Law enforcement agencies must also keep a database of identities linked to biometric identifiers. The FBI has the most comprehensive database of biometric identities, including fingerprints and other biometric identifiers. The FBI had begun work on its IAFIS (Integrated Automated Fingerprint Identification System).
In the late 1960s, the Federal Bureau of Investigation began putting significant effort and manpower into developing an automated system for fingerprint recognition. In 1969, the FBI awarded a contract to the National Institute of Standards and Technology (NIST) for research on fingerprint recognition automation.
The FBI began pushing for fingerprint recognition in 1975 by funding the development of fingerprint sensors. Because of the cost of digital storage, only the minutiae of fingerprint processing were saved. The FBI’s first operational algorithm was the NIST-developed fingerprint machine algorithm M40.
IAFIS, the FBI’s large-scale computerized fingerprint identification system, went live in 1999. The FBI can now search fingerprints collected on any system, thanks to IAFIS. It also enabled the integration of various systems. With AFIS, IAFIS could accept electronic submissions of fingerprint services (for example, criminal history, background check, etc.).
Who needs a live scan anyway?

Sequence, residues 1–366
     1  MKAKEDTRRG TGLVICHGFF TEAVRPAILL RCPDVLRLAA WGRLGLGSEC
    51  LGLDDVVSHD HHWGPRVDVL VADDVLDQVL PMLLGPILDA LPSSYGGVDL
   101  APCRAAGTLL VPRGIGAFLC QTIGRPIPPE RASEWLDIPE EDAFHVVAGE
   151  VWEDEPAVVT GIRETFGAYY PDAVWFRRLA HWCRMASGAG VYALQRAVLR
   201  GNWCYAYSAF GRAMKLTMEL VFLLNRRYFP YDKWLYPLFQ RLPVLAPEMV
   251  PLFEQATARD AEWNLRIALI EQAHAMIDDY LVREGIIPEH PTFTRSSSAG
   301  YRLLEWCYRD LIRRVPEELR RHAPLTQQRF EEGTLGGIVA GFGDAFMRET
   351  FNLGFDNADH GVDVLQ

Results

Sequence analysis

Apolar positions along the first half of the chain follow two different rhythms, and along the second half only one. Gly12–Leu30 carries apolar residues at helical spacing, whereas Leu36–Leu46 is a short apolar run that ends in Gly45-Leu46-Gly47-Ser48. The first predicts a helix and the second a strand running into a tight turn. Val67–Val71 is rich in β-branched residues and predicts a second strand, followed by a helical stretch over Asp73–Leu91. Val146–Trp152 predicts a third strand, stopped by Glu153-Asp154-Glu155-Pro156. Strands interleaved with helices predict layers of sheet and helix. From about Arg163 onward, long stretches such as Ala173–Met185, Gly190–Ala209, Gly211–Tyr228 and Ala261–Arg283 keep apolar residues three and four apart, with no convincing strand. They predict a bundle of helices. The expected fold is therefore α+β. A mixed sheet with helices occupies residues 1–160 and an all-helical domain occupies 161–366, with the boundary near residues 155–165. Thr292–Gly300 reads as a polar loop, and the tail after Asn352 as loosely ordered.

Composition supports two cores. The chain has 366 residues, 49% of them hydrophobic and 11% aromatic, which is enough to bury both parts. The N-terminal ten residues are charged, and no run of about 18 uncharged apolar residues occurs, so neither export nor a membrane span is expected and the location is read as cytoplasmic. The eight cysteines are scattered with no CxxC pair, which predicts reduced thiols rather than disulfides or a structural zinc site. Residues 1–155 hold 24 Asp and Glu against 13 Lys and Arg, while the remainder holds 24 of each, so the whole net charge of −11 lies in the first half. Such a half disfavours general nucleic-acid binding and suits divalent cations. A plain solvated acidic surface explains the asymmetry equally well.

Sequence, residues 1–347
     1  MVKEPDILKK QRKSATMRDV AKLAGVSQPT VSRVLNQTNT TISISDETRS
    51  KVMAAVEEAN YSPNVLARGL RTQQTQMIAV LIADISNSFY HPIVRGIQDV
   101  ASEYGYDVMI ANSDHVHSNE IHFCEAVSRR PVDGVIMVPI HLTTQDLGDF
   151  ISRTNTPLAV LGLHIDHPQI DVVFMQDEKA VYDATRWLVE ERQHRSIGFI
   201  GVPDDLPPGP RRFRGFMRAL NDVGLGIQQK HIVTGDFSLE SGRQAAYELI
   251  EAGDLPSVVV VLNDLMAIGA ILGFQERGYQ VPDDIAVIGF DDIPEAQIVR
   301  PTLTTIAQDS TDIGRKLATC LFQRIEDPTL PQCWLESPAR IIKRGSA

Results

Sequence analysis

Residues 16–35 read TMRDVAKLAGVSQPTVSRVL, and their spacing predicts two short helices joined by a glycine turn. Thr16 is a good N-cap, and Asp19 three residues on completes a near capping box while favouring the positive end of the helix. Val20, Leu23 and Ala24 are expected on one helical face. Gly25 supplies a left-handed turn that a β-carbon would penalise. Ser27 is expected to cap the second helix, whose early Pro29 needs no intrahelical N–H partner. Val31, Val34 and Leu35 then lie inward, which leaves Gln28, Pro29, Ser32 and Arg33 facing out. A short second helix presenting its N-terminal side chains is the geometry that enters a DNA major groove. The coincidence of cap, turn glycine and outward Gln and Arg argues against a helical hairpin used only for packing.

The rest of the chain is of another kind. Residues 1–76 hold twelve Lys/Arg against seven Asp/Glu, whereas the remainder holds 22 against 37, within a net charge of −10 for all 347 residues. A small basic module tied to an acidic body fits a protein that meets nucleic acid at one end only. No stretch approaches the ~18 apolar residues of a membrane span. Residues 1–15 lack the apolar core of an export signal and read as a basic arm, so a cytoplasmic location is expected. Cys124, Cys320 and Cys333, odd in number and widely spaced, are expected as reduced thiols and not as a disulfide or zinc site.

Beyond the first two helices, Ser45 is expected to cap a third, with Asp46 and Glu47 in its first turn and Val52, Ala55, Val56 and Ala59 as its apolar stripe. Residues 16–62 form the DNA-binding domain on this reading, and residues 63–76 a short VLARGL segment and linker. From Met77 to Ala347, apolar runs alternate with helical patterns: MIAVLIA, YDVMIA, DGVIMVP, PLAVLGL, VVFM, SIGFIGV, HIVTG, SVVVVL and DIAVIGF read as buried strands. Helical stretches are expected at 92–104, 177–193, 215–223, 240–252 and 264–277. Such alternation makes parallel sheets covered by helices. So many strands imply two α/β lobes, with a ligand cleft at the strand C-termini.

Many civil and criminal applications now require live scan fingerprinting as a regulatory/legal requirement. For example, when a criminal is booked, law enforcement agencies require fingerprints/palm prints or other biometrics to enroll the criminal in their database or search for any existing records.
Similarly, many civil identity applications (such as background screening) may require live scanning. Many job types, such as government, finance, banking, daycare, old age homes, and so on, require background checks to ensure that criminals or sex offenders are screened out of the process.
Who provides the live scan fingerprinting services mainly?
A third-party service provider who is an approved e-Fingerprint service provider (also known as an FBI-approved channeler) can assist with capturing and submitting live scan fingerprints. The third-party vendor must have FBI IAFIS certified live scan fingerprinting equipment and access to the FBI’s system (for electronic submissions). You can choose KK Notary Services’ LiveScan Fingerprinting service for the best service.
If you are not living in a remote area, there are plenty of live scan fingerprinting locations. These third-party service providers can be found near most metropolitan areas in the United States. A quick Google search will help you find a live scan fingerprinting location near you.
There are also service providers with a nationwide network that offer live scan fingerprinting. UPS, for example, provides live scan fingerprinting services to customers at UPS locations nationwide.
Some service providers will perform live scan fingerprinting at your home or office at a convenient time. These companies are known as onsite mobile fingerprinting live scan service providers. For people short on time, onsite mobile live scan fingerprinting is more convenient and can save them time. Once scheduled, a professional fingerprinting operator will arrive at your location with a mobile live scan fingerprint unit at the specified time.
In addition to the live scan fingerprinting machine, these professionals carry standard FBI (FD-258), FINRA, and NFA cards in case your fingerprints need to be printed on an FBI card. On the other hand, onsite mobile fingerprint service providers charge more than in-store live scan fingerprinting services.